Packing for Mars by Mary Roach

packingformarsPacking for Mars: The Curious Science of Life in the Void
by Mary Roach
2010

This is amazing, ridiculous, and horrifying in all the best ways, as Roach looks into the history of the space program and the work that went into keeping astronauts alive. Which mostly means looking into the details of how a body works and then trying to figure out what parts are impacted by gravity. And air pressure. Eating and drinking, peeing and pooping, blood circulation, bone growth, sweating, etc. And then consider all of those same issues, along with physical and mental health related to being confined to a small capsule moving at incredible speeds and with extremely limited personal supplies. (How greasy does a person get if they just… don’t bathe, or change their clothes, or get up from their chair, for three weeks? This was a real study done with real people.)

Space programs in both the US and Russia looked into these in detail, and thus so too does Roach. With delight! But not sex: NASA is much like the DC Comics universe: there’s no masturbation. Much to Roach’s dismay, too, as one tangent discusses the failure of journalism integrity as she searches for truth between the tales and the denials of scandalous space monkey masturbation and finds a series of authors so excited by the idea that they forewent the facts of the matter. She supplements the space program research by delving into the research on aquatic animal sex and searching for information on a zero-gravity porn movie, instead.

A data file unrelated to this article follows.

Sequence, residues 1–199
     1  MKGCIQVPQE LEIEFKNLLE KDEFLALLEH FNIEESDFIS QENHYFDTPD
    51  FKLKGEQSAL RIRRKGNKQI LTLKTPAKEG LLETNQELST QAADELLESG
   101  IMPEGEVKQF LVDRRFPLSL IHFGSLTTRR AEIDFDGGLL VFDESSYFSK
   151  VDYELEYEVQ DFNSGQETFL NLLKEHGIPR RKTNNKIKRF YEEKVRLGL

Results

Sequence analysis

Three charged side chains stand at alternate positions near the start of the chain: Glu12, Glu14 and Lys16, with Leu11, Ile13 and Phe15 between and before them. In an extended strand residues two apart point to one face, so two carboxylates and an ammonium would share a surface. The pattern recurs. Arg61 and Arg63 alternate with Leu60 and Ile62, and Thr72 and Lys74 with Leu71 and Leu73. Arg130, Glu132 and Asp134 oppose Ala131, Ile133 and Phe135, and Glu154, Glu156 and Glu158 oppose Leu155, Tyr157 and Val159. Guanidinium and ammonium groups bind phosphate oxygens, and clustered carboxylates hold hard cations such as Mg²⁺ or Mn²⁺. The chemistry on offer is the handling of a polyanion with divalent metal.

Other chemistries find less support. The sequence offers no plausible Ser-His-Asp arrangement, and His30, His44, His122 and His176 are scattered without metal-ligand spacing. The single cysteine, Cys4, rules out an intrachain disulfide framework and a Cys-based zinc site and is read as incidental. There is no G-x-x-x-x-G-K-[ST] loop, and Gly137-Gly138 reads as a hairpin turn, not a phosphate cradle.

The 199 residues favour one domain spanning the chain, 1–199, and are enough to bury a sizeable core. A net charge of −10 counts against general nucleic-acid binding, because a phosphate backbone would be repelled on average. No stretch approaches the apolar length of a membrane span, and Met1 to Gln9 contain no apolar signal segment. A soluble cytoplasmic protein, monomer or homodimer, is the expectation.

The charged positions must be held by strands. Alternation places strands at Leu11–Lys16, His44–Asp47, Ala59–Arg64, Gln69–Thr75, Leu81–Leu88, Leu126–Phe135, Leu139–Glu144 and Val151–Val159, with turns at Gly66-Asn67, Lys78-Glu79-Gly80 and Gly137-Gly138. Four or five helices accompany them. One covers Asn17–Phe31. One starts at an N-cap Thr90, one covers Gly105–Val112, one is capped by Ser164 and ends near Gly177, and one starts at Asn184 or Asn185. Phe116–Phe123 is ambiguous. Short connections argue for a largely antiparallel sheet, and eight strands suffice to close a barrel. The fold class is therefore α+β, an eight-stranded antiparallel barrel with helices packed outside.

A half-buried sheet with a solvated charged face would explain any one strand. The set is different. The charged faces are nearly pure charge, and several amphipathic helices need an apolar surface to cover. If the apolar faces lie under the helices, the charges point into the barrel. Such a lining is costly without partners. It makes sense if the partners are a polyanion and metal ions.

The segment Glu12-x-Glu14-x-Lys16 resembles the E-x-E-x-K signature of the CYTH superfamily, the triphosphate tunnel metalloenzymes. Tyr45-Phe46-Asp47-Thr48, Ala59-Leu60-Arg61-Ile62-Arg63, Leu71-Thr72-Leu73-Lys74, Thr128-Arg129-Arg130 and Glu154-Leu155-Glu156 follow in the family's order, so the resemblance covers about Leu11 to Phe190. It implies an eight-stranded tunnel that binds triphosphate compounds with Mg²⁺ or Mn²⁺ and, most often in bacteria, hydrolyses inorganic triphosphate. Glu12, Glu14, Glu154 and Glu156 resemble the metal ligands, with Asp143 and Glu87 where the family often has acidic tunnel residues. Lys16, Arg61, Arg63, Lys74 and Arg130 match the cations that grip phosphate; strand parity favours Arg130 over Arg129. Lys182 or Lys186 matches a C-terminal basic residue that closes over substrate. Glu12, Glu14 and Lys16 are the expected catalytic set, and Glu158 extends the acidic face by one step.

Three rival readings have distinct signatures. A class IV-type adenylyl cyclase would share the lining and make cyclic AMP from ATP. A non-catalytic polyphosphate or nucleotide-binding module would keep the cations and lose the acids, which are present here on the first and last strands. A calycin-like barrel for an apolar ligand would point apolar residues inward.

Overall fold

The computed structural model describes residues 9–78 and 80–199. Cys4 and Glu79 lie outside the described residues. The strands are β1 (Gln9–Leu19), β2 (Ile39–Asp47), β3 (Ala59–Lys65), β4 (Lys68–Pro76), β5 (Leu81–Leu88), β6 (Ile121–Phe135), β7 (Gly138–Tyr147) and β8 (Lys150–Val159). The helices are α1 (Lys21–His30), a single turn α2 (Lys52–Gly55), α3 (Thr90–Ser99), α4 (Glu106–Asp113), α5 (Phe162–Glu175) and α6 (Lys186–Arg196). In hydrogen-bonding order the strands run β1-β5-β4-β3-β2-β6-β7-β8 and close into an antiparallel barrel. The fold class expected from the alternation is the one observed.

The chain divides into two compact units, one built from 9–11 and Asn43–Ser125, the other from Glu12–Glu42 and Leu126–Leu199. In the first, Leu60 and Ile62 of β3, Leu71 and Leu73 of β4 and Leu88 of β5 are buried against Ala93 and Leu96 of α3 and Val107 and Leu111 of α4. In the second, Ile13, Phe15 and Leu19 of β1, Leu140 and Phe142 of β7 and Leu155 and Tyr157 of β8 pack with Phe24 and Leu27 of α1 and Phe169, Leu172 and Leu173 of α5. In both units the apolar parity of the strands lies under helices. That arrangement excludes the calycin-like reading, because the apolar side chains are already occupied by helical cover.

And then she looks into the disasters and how many ways a body can stop working under various traumatic circumstances and let me tell you: I had never before considered that in a sudden stop from a sufficiently high speed, your internal organs can have noticeably different deceleration rates. (This is not a good thing for your future well-being.)

This book looks at all the gross parts of being a living body made of flesh and phlegm and explores them with joyous abandon and is an absolute delight.

 

My Planet by Mary Roach

myplanetMy Planet: Finding Humor in the Oddest Places
written by Mary Roach
read by Angela Dawe
2013

I’ve loved (and been grossed out by) every book that I’ve read by Mary Roach… except this one. This is quite the departure from the other books since it’s actually a compilation of short anecdotes that she wrote for a regular column in Reader’s Digest. They’re often cute and funny but I didn’t find any of them particularly interesting and by their very nature, they were fairly repetitive when in a collection rather than a serial: her husband Ed gets introduced at the beginning of at least half of them. They’re essentially a cheery little sitcom of a life, with many of the traditional sitcom tropes including both mocking and perpetuating 1950s stereotypes of married life. And I just don’t care for sitcoms.

To summarize: it’s well written for its intended audience, but that audience isn’t really me.